De Witte Van Sichem is one of the most popular (perhaps THE most popular) movie ever made in Flanders - Belgium. I'm also quite sure that it's one of the only movies that practically every Dutch speaking Belgian has seen...The movie is rather 'empty' when it comes to plot but it's fun and it gives quite a good portrait of my country around the year 1900. It's based on the work of Ernest Claes who was a famous writer here. This version wasn't the first movie about the character of 'De Witte' ( which the leading character is nick-named due to his white hair ). In 1934, there was a first movie about his adventures and the whole oeuvre of Claes was even filmed into a popular TV-series in which 'de Witte' appears as well. De Witte is a 12 year old brat. And I do mean a real brat...he lies, steals and causes disturbance in his class and family. He's the youngest son of a poor family. The whole neighborhood works almost like slaves for one rich farmer who has it all. Everybody is terrified to death for this farmer except for De Witte. He provokes him doesn't really care about the power the farmer has. The whole movie is set around the rise of socialism and that's like the leading thread running through the movie...the poor men are attracted by the idea of socialism while the Catholic church is desperately trying to bring it down. De Witte finds himself to be in the middle of this but he doesn't care. He prefers to learn about the national history and through the books of Hendrik Conscience.
Though nobody means anything in the international field, this movie is filled with famous Belgian faces. Everybody who ever meant something in Belgian show business appears in this movie. The whole story is set in a rural community thus the dialect is very specific and often difficult to understand ... even though it's your own language !! De Witte was directed by Robbe De Hert. Belgiums most controversial director. At least that's what he thinks of himself. I met him once when he was giving a lecture at my school. Anno 1980, when this film was shot, he was pretty mainstream if you ask me
`De Witte' is a typical Flemish film that gives the viewer an idea of how the conditions were at the beginning of this century in Flanders (this is the Dutch-speaking, Northern side of Belgium.) Director Robbe De Hert manages to create a realistic portrait of this particular atmosphere. It represents a world in which poor people have to work hard for little money. They work on the farm or in factories. People were very religious and went to church every Sunday wearing their best clothing. The father was a severe workingman; respected by his children and wife. If any of his children had said or done something wrong, they were to be punished. They were beaten and then they had to kneel on the floor facing the wall and praying for their sins.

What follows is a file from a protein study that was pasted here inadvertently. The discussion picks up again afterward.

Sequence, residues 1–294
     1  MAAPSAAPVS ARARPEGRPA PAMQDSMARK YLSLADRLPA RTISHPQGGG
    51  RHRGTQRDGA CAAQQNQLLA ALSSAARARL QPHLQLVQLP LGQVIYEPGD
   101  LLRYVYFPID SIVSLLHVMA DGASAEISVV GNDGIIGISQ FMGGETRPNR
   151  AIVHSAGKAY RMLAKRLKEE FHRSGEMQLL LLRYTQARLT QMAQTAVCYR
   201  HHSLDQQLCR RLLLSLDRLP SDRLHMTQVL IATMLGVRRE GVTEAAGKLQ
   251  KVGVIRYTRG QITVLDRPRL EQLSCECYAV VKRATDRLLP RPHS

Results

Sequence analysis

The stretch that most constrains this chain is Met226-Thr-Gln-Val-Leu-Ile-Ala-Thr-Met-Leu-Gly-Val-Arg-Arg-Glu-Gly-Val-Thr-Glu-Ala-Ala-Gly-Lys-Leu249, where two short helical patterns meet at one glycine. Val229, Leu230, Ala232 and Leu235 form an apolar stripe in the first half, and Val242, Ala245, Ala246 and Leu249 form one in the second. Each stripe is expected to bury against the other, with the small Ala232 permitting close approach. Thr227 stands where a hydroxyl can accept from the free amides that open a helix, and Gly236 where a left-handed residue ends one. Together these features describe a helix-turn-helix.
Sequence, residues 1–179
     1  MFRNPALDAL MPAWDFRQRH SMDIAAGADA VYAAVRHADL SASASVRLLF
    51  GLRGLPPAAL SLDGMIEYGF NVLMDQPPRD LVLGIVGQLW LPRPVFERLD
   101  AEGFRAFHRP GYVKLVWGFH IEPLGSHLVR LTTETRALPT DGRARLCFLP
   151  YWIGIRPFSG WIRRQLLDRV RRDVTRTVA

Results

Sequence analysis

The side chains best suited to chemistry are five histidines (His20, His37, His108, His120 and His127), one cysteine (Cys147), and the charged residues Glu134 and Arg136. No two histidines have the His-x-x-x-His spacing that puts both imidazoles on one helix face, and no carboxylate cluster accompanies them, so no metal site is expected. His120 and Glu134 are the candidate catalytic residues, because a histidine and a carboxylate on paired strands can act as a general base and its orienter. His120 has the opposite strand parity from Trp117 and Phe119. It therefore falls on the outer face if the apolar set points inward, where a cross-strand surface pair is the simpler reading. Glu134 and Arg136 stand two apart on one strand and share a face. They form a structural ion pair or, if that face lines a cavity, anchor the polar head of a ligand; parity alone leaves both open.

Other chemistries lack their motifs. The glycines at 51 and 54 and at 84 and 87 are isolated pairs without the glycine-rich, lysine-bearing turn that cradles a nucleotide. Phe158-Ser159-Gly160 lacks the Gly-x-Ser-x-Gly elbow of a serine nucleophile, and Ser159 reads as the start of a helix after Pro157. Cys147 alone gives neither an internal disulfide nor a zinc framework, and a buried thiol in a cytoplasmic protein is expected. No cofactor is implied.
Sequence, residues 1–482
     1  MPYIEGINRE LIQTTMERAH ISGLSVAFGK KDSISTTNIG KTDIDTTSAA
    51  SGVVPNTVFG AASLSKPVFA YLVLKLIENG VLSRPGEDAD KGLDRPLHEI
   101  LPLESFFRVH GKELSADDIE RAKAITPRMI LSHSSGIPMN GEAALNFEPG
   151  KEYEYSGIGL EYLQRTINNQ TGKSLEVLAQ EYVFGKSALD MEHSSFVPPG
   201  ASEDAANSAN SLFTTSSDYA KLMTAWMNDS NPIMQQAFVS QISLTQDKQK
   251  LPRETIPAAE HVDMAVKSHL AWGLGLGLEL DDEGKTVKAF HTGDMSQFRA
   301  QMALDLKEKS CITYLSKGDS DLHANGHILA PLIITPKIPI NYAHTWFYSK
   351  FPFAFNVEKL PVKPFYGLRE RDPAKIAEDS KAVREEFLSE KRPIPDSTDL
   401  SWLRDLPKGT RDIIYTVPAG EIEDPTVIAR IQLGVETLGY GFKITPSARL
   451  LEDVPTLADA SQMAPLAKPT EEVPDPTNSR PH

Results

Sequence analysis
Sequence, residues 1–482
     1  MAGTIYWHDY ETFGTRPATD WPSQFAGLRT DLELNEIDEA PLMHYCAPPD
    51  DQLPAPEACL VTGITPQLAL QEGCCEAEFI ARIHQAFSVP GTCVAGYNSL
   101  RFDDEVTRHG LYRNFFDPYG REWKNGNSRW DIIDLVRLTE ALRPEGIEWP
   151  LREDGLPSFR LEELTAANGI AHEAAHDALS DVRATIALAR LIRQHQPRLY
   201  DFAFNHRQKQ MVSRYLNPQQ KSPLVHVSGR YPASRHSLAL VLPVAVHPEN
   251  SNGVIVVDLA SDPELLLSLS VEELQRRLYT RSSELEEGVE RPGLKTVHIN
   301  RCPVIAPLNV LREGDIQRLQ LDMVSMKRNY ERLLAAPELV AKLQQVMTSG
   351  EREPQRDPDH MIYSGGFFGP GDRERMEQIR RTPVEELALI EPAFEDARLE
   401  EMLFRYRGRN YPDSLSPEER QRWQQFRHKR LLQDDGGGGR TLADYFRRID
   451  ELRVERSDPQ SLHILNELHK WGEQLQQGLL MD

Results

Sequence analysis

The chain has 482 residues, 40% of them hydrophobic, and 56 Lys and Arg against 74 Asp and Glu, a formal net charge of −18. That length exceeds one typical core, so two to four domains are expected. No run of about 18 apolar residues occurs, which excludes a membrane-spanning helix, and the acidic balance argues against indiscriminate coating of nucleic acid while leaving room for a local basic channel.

But all this is just background information. The actual story is less dramatic. It's about an annoying little fellow who takes pleasure in doing wrong. There are certain rules in life everyone must obey, but he finds it amusing to bend or even break them whenever the opportunity knocks. In short: he has some serious trouble with discipline. Naturally, he is the main character of the film and goes by the name of `De Witte van Sichem' (literally translated: `The white-haired from Sichem'.)
Because of the many practical jokes and reckless pranks that endure throughout the entire film, `De Witte' becomes more and more of a comedy than a drama. Before you even know it, you've forgotten about the dark side of the film. Instead, it is the main character that claims your full attention. This is still, beyond any doubt, Robbe De Hert's best film. He hasn't made too many good films, but this one is a Belgian classic. Many good acting performances, but Eric Clerckx (as De Witte van Sichem) is 'picture perfect'.
- POSSIBLE SPOILERS - *
Two things I liked most about the film are: 1. The perfect mix between the drama at the background and the naughty behavior of the main character at the foreground. 2. De Witte's sudden interest in books and the church; this last item especially because of the beautiful singing of the church choir
Unfortunately, there are also a few minor things: 1. Somewhere in the film, a huge mistake is overlooked. At a certain moment in the film, when some kids are playing in a fort, the sound of an airplane is obviously heard. How could they have NOT heard that and then get rid of it? 2. There are also a few tiny mistakes in the bar sequence (where later a huge fight is about to arrive on the scene.) You should really keep an eye on the glasses. One moment they're full and the other moment (seen from a different camera position) they're almost empty. But these mistakes are so insignificant that they're not noticed by anyone the first time you see the film. (I only saw it the second time myself.)
All things considered `De Witte' is an enjoyable film, although it is probably of no interest to foreigners as the spoken language is Flemish. And the use of this particular dialect in this film is too important to be replaced by any other language; this would only mess up the entire picture.